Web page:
Huntington to issue fines, shuts down live music to slow virus spread

Local News

HUNTINGTON, Ind. (WANE) — Huntington has issued strict restrictions to slow the spread of the coronavirus in the city, including possible fines, indoor capacity limits, and a ban on live entertainment.

“This virus is something that most of us have never faced before,” Mayor Richard Strick said. “We have never had to think about what it means to live while a virus is spreading throughout the community. We’ve made mistakes. We are committed to learning from those and we are committed to doing better tomorrow.”

Huntington Mayor Richard Strick announced the restrictions on Tuesday in front of spaced out local leaders and media.

During the press conference, Strick referred to restrictions related to the restrictions Gov. Eric Holcomb announced more than two weeks ago. The restrictions are tied to a color-coded to Indiana’s dashboard and will adjust as the threat increases and decreased.

Currently, Huntington is orange but its positivity rate is on the rise. The orange status means that restaurants, bars, and gyms are only allowed to operate at 50% capacity indoors. If the county were to go red the capacity limit would drop to 25%.

No live music or karaoke will be allowed in bars while Huntington is in the orange or red stages. Social gatherings and events are limited to 50 people or 50% venue capacity, whichever is fewer.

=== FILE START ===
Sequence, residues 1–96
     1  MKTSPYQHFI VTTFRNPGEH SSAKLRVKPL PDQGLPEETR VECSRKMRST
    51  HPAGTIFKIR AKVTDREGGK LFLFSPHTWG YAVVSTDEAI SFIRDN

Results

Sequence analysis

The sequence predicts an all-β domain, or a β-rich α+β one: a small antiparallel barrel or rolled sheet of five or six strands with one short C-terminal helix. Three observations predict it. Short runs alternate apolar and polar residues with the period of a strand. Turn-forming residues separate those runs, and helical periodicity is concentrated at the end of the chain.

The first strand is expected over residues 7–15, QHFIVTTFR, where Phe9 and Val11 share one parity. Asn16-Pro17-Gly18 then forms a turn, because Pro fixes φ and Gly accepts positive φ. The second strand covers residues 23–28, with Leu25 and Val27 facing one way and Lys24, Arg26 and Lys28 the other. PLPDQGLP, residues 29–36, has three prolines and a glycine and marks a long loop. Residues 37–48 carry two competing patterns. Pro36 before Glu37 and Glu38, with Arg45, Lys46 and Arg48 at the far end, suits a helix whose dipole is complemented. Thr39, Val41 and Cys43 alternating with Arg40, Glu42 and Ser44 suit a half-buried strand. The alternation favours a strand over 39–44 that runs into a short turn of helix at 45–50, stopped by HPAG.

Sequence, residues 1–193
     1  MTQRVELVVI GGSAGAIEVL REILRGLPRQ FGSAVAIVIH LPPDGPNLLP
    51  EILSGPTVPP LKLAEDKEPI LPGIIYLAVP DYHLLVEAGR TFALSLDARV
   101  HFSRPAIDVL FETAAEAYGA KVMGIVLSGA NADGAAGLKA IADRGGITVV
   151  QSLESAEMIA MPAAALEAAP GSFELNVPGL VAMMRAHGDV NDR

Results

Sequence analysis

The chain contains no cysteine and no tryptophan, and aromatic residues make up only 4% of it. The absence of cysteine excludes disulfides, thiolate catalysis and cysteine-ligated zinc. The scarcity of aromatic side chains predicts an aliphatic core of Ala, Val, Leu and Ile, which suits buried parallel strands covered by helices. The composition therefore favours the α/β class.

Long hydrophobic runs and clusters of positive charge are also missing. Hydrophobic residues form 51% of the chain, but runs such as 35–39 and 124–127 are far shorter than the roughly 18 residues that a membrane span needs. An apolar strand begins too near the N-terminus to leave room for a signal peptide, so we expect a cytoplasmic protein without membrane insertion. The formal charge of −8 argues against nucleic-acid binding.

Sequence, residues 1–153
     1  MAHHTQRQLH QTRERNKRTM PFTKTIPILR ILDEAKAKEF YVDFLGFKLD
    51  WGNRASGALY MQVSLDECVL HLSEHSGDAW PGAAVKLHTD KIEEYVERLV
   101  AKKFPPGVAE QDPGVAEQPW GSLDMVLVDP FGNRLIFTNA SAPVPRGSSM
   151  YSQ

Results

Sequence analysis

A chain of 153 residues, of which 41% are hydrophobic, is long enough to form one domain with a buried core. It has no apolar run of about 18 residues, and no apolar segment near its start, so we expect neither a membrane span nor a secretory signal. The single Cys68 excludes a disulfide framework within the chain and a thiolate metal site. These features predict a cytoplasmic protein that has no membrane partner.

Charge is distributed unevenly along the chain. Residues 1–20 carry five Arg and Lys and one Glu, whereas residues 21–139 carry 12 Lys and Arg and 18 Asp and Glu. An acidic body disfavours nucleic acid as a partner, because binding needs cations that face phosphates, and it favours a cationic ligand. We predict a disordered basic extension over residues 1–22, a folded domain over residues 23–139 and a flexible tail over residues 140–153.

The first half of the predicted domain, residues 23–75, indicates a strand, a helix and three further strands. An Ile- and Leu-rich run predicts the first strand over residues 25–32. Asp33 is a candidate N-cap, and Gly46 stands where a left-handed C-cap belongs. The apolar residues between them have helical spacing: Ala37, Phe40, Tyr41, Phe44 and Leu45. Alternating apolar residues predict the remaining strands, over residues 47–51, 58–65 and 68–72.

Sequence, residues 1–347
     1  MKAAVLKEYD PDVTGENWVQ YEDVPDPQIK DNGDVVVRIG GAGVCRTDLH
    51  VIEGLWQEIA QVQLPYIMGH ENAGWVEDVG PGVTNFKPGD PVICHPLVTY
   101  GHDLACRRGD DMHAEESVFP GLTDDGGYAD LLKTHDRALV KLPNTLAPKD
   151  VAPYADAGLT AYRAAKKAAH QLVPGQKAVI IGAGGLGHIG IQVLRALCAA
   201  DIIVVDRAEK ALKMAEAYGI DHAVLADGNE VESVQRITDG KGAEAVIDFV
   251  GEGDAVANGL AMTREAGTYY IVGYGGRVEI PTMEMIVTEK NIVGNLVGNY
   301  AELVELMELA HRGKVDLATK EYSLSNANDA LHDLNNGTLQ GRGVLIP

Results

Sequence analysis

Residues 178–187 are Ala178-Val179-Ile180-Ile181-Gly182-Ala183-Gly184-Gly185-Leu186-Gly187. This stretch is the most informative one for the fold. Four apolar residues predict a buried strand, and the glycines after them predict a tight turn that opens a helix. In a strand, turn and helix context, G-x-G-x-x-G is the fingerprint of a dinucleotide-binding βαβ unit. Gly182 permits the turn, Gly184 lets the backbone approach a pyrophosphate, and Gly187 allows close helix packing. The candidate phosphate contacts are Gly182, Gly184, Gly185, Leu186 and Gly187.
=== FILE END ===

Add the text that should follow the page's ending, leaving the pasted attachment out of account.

A mask mandate is also in effect which states that a person must wear a mask while indoors. In a restaurant, a person is required to wear a mask at the table and can then remove the mask when food or drink items are presented.

Strick also asked that any college students returning to Huntington County from schools outside the county take a COVID test as soon as possible.

The biggest change is that now local police have the discretion to issue fines for individuals and businesses who violate the mask mandate.

“The last thing I want for our officers to write tickets for this,” Huntington Police Chief Chad Hacker said. “I want them to go out and they have the authority to talk to these individuals. It’s their discretion how they choose to handle it but we are going to encourage them to have conversations, talk to everybody, and hopefully, we don’t have to go to that level where an ordinance citation is written but if it does I will support the officers.”

When officers see a person not wearing a mask an officer can issue a written warning for a first offense. However, if the person has repeatedly violated the mandate the first offense is $25 dollars.

That fine will increase by $50 dollars for each additional offense.

If a situation arises where a patron is asked to leave an establishment or business and they refuse to the person could receive a trespassing or a disorderly charge. However, Chief Hacker says he is hoping that won’t happen.

“It’s all about communication,” Hacker said. “The last thing we want is to write the ticket.”

The city of Huntington will be offering grants to local businesses to help with the expense of additional heaters or awnings if they wish to create outdoor seating capacity.

The city is also commissioning volunteers to help local contact tracing and to help households home under quarantine or isolation. Free masks will also be distributed to the city and community of Huntington.

“We are all in this together whether we remember that in the moment or not,” Mayor Strick said. “It’s each of our duties to recall and remember that.”

The new changes are now in effect but will only apply to the city of Huntington and not the county.

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